Two women’s soccer players removed from team for violating COVID-19 policy


Sophomore captain Megan Rose had 102 saves last season, which placed her at second in the NEWMAC. Photo by Carol Rangel / Beacon Correspondent

By Tyler Foy, Sports Editor

Two members of the women’s soccer team were removed from the team for violating COVID-19 protocols in early September, and both now face disciplinary action from the college. 

The team members, starting goalkeeper Megan Rose, a team captain, and Margarita Ivanova, a forward, were removed from the team after both defied the terms of their college mandated isolation. (Ivanova currently serves as The Beacon’s assistant living arts editor). 

Rose left isolation after returning a positive COVID-19 test, while Ivanova, who was considered unvaccinated at the time, left a college mandated quarantine for unvaccinated players on the team who were exposed to Rose. 

“I almost feel as though I was set out to be made an example of,” Rose said. “I really just think the administration handled this incredibly poorly.”

Athletic Director Patricia Nicol said she could not comment on individual student athletes. Head coach David Suvak declined to comment. Players on the team said they were “advised not to discuss [the situation].” Ivanova declined an interview request. 

On Sept. 8, the team was set to square off against Tufts University, but the game was postponed after Rose tested positive for COVID-19 two days before the game was set to be played. The college’s COVID-19 protocols mandate that players on each team are to get tested before each game. 

At the time of the positive test, Rose had received one dose of a COVID-19 vaccine, meaning she had to isolate for 10 days following the positive test result. Rose said she was shocked that the test came back positive.

“This didn’t really make a lot of sense to me,” Rose said. “Not only was I asymptomatic, but also nobody else had tested positive. ​​I’m around those girls every day. Those are the people I hang out with.”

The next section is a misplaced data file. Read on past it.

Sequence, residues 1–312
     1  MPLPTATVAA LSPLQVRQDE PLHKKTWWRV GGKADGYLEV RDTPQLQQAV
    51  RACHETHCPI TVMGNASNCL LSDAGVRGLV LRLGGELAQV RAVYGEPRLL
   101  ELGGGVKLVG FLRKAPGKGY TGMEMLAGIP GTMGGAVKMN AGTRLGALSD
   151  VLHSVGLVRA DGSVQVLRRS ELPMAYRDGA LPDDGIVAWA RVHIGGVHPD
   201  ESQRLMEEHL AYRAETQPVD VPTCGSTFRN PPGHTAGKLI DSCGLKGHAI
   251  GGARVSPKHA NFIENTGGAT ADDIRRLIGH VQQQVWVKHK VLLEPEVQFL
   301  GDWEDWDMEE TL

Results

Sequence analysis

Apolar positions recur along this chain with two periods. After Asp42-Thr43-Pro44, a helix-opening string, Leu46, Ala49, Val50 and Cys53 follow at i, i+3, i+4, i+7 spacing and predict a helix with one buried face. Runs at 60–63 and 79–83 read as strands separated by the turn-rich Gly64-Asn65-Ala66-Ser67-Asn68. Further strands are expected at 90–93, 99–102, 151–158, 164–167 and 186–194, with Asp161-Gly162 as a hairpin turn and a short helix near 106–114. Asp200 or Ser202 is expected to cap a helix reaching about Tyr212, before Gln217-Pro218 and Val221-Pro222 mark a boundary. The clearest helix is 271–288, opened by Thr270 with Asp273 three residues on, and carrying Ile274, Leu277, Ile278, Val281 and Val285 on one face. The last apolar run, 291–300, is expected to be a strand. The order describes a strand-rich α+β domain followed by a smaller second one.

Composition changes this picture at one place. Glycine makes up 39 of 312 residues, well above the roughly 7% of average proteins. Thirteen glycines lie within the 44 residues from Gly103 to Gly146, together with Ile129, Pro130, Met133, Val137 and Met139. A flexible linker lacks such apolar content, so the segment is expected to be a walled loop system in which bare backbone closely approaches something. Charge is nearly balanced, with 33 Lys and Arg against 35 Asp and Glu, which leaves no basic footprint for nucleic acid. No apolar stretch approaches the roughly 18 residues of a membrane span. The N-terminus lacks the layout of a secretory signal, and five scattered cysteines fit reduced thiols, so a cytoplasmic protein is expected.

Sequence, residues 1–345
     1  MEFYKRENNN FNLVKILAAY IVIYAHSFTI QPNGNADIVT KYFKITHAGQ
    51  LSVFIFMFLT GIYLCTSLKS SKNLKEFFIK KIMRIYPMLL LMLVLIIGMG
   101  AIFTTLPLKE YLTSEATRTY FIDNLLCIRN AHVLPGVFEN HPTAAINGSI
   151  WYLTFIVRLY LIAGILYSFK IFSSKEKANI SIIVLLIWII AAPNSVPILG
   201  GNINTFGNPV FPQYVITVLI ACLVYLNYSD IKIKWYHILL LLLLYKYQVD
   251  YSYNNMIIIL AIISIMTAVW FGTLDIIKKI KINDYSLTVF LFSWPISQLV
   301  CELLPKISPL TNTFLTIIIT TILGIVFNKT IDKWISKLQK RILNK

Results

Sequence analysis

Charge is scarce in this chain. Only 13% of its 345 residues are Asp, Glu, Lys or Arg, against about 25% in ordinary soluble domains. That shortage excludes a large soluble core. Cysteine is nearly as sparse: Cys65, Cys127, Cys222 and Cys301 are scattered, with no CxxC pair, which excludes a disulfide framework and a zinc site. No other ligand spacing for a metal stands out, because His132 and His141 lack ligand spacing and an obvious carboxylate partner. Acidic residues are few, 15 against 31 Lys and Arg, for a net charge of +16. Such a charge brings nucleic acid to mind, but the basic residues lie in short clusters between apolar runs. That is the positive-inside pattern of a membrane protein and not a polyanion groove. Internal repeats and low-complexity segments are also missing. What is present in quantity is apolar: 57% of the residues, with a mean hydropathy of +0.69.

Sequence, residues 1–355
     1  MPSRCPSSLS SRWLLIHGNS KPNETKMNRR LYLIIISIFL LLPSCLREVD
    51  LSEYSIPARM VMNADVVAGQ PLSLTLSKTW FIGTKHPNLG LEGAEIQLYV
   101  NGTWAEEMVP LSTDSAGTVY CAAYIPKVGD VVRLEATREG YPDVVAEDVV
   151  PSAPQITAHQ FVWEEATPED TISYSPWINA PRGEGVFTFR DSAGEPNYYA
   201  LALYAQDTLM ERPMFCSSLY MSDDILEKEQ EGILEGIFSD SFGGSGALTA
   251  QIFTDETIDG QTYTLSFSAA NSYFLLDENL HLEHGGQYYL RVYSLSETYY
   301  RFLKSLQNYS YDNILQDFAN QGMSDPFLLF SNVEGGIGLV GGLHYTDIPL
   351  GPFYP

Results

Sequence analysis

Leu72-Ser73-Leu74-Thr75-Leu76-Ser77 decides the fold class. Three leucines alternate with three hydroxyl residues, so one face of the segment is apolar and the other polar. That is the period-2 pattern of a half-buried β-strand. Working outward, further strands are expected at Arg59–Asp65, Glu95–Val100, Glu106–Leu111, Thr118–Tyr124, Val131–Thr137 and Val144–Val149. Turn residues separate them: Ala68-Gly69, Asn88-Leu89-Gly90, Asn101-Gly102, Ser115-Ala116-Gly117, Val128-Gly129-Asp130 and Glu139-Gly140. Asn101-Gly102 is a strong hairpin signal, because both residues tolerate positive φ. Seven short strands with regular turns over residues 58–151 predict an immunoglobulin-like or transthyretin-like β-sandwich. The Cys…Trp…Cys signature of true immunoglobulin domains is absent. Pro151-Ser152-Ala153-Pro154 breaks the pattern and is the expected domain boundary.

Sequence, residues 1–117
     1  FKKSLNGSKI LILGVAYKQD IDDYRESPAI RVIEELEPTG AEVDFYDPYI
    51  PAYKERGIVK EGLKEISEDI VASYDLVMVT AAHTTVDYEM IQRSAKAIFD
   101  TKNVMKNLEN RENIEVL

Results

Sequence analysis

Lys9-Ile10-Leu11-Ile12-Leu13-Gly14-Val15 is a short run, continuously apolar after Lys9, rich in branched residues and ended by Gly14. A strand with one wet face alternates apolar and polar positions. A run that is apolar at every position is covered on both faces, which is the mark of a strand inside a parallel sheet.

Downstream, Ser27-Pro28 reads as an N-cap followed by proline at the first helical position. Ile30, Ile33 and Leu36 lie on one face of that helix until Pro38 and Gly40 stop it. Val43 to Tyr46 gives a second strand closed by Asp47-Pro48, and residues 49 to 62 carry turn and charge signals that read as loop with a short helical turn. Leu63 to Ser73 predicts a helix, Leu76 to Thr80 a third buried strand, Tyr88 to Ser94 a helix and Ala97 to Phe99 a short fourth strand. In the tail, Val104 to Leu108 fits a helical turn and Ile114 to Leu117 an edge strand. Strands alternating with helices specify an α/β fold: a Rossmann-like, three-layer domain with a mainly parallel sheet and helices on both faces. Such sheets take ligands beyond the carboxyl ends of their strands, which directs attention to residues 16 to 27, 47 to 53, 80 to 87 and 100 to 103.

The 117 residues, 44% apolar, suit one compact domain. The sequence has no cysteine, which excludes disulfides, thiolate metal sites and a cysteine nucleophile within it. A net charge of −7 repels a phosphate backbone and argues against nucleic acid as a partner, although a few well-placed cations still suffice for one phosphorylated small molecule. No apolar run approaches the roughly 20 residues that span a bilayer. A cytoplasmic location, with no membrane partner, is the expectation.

The confusion led Rose to leave her off-campus apartment during her isolation, which Emerson strictly prohibits, to take two rapid tests that both came back negative. Rose contacted the college about these tests while also completing another PCR test. 

None of the tests Rose took were administered by the college. When Rose asked to get tested through the college, their stance was a firm no.

“I was in contact with Tufts and administration about trying to get them to let me take the test and they were very strict about not allowing that to happen,” she said.

When another PCR test came back negative, Rose believed she had gathered enough evidence to show she could be released from isolation and was not infected with the virus. As a result, she contacted the team’s athletic trainer. 

“After that test came back obviously I was excited,” she said. “I called my coach, and he was like, ‘That’s great, go ahead and call the athletic trainer.’ I called the athletic trainer and there was a lot of concern revolving around how I left my isolation.”

“[Instructions] were made pretty clear,” Rose continued. “I was contacted by Tufts nursing the day I tested positive and [they] told me I needed to isolate for 10 days.”

Rose said she violated the terms of her isolation knowingly.

“Obviously I understood I was supposed to isolate,” she said. “When I left this isolation, I was very cautious about how I was presenting myself outside and in public.”

The college then held a hearing to determine discipline for Rose violating the terms of her isolation. Rose’s punishment was handed down three days later—she was not to participate in any extracurricular activities or allowed to use any Emerson facilities such as the fitness center.

Rose is also barred from campus, unless she is attending a class. Rose appealed the punishments, but was denied.

She said she doesn’t have bad relationships with players on the team, but does have a conflict with head coach David Suvak. When going through the appeal process, Rose asked Suvak to write a letter on her behalf but the coach declined. 

“When I heard that there was an appeal process, I had asked my coach to write a letter on my behalf and he said no,” she said. “That was very telling and it almost made the process a little bit easier because I’m not gonna play for a coach if he’s not gonna fight for me.”

Rose had a long tenure with the women’s soccer team and ended her time with the team with many accolades. She was a three-time captain and was a first-team all conference player in her second year.  

Rose said she is now convinced the initial test was a false positive. 

“I just feel as though there’s a lack of humanity within the whole thing,” Rose said. “I don’t think that there was consideration that I tested negative a number of times and at this moment I’m completely convinced it was a false positive.”